i had to go to the imdb to find their names look at that; commitment

SPOILER FREE REVIEW: "Guardians of the Galaxy"

Bit of advice: if you’re going to Vegas, take Kevin Feige with you. That guy knows how to play the odds.

When the first Iron Man film was announced, it was a bold, daring move. We didn’t quite know how it would pan out given how superhero movies had been done and received (in general) up to that point. Their choice of leading man wasn’t terribly reassuring. Brilliant but massively-troubled Robert Downey, Jr., freshly rehabbed, leading the way and banking on a somewhat lesser known character than classics like Spider-Man, Batman, etc. seemed a shaky foundation at best. But hey, it worked out greater than great, and so the MCU continued on its path of cinematic domination.

Avengers? Another gamble. Taking these huge characters that had been successful in their own films and throwing them into one big pot could have gone badly, too, especially considering the budget involved. However under the care of Father Joss, by the faith of St. Kevin and an incredible cast, seemingly more into camaraderie than ego, what resulted was one of the most successful films–ever.

It’s amazing that Marvel has proven itself time and again over the past six years, never truly missing, yet when Guardians of the Galaxy was announced many of us (I admit, me included) kind of shifted our eyes, gave sidelong glances and said, “Umm….” I mean, let’s be serious. It’s one thing to resurrect Robert Downey Jr.’s career by putting him in an iron suit and letting him RDJ all over the place, or nabbing an unknown but incredibly charismatic Aussie that is the physical epitome of the Thunder God and sticking him under the care of Sir Kenneth “Shakespeare’s Biggest Fan” Branagh. And Johnny Storm? Well, he was about the only good thing in the Fantastic Four series so it wasn’t a far stretch to believe that the most American boy-next-door/diamond-in-the-rough in recent years would be a perfect fit for the Star Spangled Man With a Plan. These were all leaps of faith but very calculated ones, each panning out beautifully.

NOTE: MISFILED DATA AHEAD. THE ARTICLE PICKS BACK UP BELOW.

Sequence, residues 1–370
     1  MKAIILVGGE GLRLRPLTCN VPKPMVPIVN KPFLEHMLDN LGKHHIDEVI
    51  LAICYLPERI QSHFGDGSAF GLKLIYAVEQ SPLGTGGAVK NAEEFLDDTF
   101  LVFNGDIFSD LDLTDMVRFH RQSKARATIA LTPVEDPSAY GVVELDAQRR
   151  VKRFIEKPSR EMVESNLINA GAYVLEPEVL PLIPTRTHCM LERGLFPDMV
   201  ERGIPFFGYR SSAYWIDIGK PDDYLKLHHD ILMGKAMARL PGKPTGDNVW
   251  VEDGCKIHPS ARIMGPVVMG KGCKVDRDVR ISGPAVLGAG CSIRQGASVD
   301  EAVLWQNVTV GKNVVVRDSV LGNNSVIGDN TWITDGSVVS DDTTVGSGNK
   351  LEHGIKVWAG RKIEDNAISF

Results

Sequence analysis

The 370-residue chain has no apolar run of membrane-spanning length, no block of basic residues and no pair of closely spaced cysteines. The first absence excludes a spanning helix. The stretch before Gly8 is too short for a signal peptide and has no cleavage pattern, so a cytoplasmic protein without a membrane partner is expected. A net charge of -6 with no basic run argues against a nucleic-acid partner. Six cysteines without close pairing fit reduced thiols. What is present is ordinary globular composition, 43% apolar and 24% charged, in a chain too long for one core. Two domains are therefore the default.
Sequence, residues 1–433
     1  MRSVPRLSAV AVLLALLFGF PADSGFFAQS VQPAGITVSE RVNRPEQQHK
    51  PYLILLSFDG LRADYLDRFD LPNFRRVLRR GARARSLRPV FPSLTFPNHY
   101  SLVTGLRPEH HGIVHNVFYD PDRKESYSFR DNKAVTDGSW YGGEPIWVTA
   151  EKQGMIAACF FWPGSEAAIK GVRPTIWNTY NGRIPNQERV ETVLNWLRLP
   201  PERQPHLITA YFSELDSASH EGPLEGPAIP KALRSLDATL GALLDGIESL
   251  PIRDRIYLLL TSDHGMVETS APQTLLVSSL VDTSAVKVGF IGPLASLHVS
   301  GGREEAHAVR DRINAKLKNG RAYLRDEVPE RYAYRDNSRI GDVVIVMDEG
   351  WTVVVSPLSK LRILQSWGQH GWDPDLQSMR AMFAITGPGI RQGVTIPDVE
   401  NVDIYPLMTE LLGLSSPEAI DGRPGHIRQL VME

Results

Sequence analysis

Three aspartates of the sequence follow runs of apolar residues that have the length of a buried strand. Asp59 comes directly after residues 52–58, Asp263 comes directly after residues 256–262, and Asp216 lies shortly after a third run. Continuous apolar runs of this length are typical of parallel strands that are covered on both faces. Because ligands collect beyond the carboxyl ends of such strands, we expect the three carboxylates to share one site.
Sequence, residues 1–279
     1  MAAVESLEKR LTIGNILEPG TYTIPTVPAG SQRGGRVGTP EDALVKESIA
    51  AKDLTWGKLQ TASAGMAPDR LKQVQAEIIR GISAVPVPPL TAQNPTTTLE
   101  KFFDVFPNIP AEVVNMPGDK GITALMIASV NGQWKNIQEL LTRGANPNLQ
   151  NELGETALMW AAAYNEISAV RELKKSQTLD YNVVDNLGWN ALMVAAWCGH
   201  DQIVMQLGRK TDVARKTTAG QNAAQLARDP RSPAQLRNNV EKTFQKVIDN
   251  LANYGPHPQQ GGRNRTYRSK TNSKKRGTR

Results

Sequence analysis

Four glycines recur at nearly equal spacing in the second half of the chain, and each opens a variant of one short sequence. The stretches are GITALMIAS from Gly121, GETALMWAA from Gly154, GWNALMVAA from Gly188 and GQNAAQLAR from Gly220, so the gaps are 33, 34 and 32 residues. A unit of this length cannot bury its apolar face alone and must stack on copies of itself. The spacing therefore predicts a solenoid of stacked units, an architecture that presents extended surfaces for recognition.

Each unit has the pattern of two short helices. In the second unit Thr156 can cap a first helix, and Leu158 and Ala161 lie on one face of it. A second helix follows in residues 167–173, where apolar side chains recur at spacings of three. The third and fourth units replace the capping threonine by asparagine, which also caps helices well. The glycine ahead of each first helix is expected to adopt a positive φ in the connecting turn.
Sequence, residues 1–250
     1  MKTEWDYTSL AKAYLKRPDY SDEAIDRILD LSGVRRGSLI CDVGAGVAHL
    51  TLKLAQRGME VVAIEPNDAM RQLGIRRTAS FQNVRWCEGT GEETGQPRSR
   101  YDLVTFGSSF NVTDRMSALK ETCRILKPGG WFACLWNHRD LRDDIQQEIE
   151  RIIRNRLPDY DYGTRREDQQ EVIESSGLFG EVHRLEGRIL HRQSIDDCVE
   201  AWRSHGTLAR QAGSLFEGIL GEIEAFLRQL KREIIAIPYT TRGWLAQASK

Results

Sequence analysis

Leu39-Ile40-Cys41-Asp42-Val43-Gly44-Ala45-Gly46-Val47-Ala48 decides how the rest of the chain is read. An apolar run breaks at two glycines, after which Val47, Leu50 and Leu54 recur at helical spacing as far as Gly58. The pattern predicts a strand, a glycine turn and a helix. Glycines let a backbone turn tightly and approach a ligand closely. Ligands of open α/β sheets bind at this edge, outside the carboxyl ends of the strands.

But a space cowboy played by Chris Pratt with a freaking gun-slinging, sharp-tongued raccoon that rides atop a monosyllabic tree with a pro-wrestler cast as a gray-skinned, tattooed killer?  And it didn’t stop there. This James Gunn? Who the hell was he? About the only notable credit on his IMDb page was as a writer for the Scooby Doo movies, and we know how awesome those were. What the hell was with all the 80s earth references? It seemed cool but disjointed at best. Oh now Glenn Close is in it? WTF is with this movie??? And then we heard some of the soundtrack coming out, song by song. It seemed like someone had just started pulling shit out of a hat at that point. About the only thing, going in, that made sense in this assembly was Zoe Saldana because, well, we’ve already seen her as a blue alien and in space. Why not green this time?

BUT there was a strong undercurrent of genius in it, too, that many of us sensed. So you wondered—would this be the best gamble Marvel had made yet or had Kevin Feige finally lost his ever-loving mind?